New figures published today by the Electoral Commission show that over a third of local councils are failing to meet the standards laid down to ensure the integrity of the electoral register and postal voting process.
Today’s figures are the first time the Electoral Commission has published detailed records of how Electoral Registration Officers (EROs) across Great Britain are performing against recently introduced performance standards. The ten standards cover a wide range of their work, including the completeness and accuracy of the electoral register, publicising the registration process to the public and overall planning and organisation.
Although in many areas the 404 EROs do well at meeting or exceeding the standards, 37% fail to meet the standard for ensuring the integrity of the electoral registration and postal voting systems and 66% fail to meet the standard for raising public awareness about electoral registration.
Some councils even admitted that they do not keep electoral registration forms for the life of the electoral register and/or do not keep postal and proxy vote application forms until the application is canceled or expires. This means that if an allegation of electoral corruption is subsequently made, key evidence will not be available because it has been binned. This binning of potential evidence happens despite original application forms having been a key source of forensic evidence in several cases in recent years.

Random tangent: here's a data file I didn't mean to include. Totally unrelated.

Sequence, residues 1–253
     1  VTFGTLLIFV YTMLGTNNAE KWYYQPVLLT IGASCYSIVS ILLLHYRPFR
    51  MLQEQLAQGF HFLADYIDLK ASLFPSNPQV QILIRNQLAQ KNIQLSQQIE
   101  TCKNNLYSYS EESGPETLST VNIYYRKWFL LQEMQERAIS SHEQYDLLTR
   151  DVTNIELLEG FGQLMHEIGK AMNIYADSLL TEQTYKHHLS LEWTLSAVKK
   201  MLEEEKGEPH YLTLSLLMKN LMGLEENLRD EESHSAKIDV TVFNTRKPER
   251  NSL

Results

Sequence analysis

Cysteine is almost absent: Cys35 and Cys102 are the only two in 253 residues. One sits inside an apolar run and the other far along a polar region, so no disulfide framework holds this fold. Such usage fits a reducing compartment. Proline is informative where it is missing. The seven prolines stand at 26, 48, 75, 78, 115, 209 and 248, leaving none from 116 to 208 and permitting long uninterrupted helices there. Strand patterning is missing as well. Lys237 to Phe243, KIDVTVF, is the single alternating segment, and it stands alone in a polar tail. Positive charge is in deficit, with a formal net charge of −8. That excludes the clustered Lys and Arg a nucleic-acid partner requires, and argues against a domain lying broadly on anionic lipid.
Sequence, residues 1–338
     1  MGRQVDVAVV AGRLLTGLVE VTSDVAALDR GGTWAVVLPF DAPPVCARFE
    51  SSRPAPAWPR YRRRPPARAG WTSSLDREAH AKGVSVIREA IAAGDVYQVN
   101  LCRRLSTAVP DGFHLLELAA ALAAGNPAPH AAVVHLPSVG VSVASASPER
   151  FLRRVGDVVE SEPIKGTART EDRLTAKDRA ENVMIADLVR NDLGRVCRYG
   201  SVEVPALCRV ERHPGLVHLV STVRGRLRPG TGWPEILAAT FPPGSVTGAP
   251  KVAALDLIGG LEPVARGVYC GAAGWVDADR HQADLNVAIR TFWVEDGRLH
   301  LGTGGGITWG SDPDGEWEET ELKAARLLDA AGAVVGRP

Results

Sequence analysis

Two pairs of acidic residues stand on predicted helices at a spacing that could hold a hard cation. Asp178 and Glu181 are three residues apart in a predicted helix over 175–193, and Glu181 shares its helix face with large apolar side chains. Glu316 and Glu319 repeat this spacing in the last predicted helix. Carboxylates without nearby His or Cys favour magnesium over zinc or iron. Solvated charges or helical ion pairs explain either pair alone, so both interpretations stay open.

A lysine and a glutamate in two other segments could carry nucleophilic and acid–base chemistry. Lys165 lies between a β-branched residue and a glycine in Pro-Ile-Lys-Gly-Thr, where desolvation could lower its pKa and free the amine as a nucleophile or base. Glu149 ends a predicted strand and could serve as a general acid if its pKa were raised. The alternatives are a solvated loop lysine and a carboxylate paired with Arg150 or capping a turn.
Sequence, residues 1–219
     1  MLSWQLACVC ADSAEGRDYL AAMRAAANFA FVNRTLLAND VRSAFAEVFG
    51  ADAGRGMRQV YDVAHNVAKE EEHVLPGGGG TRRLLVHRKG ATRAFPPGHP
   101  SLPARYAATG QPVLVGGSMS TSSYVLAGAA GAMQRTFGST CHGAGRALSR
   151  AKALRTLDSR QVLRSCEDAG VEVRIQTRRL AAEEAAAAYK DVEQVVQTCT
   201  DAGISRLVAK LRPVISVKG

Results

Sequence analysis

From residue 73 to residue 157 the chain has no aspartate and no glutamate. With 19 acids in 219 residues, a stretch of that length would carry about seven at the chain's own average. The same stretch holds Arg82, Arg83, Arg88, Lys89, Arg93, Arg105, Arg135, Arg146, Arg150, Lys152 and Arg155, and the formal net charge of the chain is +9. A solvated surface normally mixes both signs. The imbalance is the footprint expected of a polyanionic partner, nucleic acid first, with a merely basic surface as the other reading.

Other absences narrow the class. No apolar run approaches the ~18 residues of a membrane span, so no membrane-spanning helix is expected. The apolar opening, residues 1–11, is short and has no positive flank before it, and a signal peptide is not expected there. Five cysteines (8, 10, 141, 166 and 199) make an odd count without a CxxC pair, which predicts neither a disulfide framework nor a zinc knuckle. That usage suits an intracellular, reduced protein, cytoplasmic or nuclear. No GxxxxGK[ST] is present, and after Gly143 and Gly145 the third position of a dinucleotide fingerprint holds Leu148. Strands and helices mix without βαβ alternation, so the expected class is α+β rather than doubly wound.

Although some councils failed the integrity standard overall only because they have not documented their procedures properly, this failure to keep evidence that may be required by a police investigation is very worrying.
Complaints about the performances of EROs are nothing new, and by bringing to light both the good and the bad the standards should help improve the registration system in the future. But welcome as the standards are, they also highlight how much work there is to be done in some areas.